Album Reviews

Sour Soul – BadBadNotGood & Ghostface Killah

Final Rating: 8.7/10

“Go down smooth and steady” is an instruction Wu-Tang affiliate Ghostface Killah gives on the third song Six Degrees (a concept we can all attach ourselves to). That’s the goal with Sour Soul, despite its name (and actual attack on the soul music of the 60’s). BadBadNotGood, with their fascination of hip hop and production (I have absolutely no idea where people this young have such a vast knowledge of how to truly utilize a studio to this extent), have put themselves to the test here. They were masterful before, but on Sour Soul, they have expanded what they can do with production, with working as a team with a vocalist and with minimalism. You hear the various members of BadBadNotGood restrain themselves to stay on the steady hip hop road and not break out in jazz fashion. For a veteran like Ghostface, Sour Soul is not a challenge but an honour to be working with the talented youth of today. For BadBadNotGood, this was the ultimate test. They pass so effortlessly, that they almost seem dangerous; What else do they have up their sleeves, and when will it hit us the most since they have their whole lives ahead of them?

When you can find ways to compare Sour Soul with Madlib and A Tribe Called Quest, you know you can’t have much to say against it. Some of the interludes, like Stark’s Reality and the endings of various songs, sound like they probably came off of Madvillain’s eventual sequel album. They are sinister and almost cartoonishly noir. Soul brings out the joy people have, but there is a lot of skulking on Sour Soul. Every twang sounds more like a threat than a shout of happiness. BadBadNotGood have managed to see how soul positions their layers and melds sounds together, and with that they had enough of a basis to work off of. They add an edge to the music with rolling drums, brooding bass and melodies that jump from behind corners. There are surprises at every turn. That is their knowledge of jazz kicking in, where unpredictability is the key ingredient.

Jazz, with its imaginative scope and a lack of boundaries, is a perfect genre for Ghostface Killah to work with. As he is one of the most creative and illustrious poets in hip hop, the music BadBadNotGood provides almost sounds like his brain’s cup runneth over. Ghostface’s speed, as an effort to pick up all of the cranial spillage, keeps this teetering album standing, as it could take a dive head first at any time. The drive on Sour Soul is infectious, and Ghostface’s stories make the ride more than a scenic audial journey. In Street Knowledge, he stands above newcomer Tree with his arms folded and details the life in the city to him. He trades secrets with rappers who have already defined themselves like DOOM, Danny Brown and Elzhi, as everything has something worthwhile to say. There aren’t any weak links on Sour Soul, and everyone, from BadBadNotGood to all of the rappers and even the session musicians (like the frequent BadBadNotGood collaborator Leland Whitty) work together to make a seamless album.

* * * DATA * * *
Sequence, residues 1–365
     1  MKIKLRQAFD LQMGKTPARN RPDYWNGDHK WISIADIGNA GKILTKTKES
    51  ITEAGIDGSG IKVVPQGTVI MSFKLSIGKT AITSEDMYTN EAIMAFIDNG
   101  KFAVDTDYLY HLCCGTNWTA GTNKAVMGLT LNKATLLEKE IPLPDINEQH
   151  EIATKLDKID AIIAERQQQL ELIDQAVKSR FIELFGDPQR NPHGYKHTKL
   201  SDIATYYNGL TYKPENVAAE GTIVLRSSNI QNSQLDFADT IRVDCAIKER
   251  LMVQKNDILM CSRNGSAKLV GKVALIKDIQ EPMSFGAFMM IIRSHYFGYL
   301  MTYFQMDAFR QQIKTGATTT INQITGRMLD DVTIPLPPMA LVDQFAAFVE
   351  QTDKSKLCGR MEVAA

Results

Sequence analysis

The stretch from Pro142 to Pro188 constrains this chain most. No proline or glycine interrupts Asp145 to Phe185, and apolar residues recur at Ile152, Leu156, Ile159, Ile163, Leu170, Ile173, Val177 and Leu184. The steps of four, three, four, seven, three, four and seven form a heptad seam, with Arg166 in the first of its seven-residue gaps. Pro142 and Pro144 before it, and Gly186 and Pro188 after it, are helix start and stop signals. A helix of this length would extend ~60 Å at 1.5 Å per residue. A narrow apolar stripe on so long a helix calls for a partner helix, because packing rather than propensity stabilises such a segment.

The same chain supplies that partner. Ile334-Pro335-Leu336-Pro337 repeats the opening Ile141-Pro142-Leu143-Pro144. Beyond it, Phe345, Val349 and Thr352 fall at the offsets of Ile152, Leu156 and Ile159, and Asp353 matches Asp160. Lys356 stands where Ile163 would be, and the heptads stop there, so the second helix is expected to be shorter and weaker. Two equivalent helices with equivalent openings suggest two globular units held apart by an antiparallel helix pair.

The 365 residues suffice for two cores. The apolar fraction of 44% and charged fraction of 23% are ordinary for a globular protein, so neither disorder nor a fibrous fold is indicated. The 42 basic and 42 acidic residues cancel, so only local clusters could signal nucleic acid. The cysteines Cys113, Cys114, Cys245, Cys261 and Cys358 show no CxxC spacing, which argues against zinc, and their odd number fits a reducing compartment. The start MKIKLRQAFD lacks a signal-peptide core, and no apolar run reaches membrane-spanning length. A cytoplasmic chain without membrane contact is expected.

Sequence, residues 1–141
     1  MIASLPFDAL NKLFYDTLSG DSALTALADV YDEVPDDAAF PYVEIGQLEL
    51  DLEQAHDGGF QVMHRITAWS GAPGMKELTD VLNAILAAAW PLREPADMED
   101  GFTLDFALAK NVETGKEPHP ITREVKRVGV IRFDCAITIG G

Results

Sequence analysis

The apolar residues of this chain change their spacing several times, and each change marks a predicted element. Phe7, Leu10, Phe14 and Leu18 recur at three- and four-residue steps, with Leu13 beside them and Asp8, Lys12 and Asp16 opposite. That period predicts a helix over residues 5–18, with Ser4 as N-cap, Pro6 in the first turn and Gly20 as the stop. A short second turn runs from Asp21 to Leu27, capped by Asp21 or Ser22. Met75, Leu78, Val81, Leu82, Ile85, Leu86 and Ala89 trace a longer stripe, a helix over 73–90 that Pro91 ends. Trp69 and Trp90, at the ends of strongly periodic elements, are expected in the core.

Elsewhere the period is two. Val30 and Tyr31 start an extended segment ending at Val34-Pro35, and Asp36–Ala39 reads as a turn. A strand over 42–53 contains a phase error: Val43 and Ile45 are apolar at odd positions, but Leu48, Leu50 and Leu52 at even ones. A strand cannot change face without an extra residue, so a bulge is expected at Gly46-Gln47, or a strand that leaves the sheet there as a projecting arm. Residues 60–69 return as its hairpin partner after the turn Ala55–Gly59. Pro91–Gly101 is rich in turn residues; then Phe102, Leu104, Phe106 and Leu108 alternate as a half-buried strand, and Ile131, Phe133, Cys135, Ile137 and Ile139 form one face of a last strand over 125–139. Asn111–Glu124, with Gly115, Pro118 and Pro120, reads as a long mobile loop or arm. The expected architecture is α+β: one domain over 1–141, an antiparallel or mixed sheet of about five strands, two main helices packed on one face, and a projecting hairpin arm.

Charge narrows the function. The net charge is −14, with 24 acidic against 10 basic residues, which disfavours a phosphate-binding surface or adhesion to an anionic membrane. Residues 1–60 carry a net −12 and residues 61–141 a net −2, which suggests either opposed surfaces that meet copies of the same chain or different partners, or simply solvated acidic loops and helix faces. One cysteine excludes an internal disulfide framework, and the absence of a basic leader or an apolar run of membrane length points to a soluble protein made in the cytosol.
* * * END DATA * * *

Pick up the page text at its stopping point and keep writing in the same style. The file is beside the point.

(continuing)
Sour Soul is so quick that it is over before you know it. You have to remind yourself that there are people playing those complex arrangements: Chester Hansen, Alexander Sowinski and Matthew Tavares. You have to remind yourself before Sour Soul is finished and even after, because it’ll be hard to digest most of the time. It’s even harder to comprehend how musicians so young have achieved so much on this album alone, never mind altogether. These are the high school kids that you always hoped would make it. Here they are, as they conquer the world slowly but furiously.

 I remember meeting the gentlemen of BadBadNotGood at Field Trip last year and seeing how wide eyed they still were. They still couldn’t believe that so many people came to see their set (and what a terrific set that was). I can’t imagine how they felt about working with such hip hop greats, never mind how they made an album with such control (that still doesn’t sound artificial). Ghostface Killah speaks heavily on album, but in interviews, he is a fun loving guy that still tries to find the greatest enjoyment in life. BadBadNotGood and Ghostface worked so damn well here because they both love music in all of its forms. They are both still happy to be musicians, both as new artists starting out and as a veteran who has seen it all. Sour Soul happens in a flash, and you’ll find yourself instantly hitting replay. It happens so smoothly that you’ll wonder if you experienced it at all. It is not a sin to keep Sour Soul on repeat to try and absorb as much of it as you can. There is much wisdom to be shared, here, and none of it will leave a bad aftertaste. Instead, you will feel blessed, and what more could you ask for?


About author

Former Film Editor & Music Writer at Live in Limbo. Co-host of the Capsule Podcast. A Greek/South African film enthusiast. He has recently earned a BFA honours degree in Cinema Studies at York University. He is also heavily into music, as he can play a number of instruments and was even in a few bands. He writes about both films and music constantly. You should follow him on Twitter @Andreasbabs.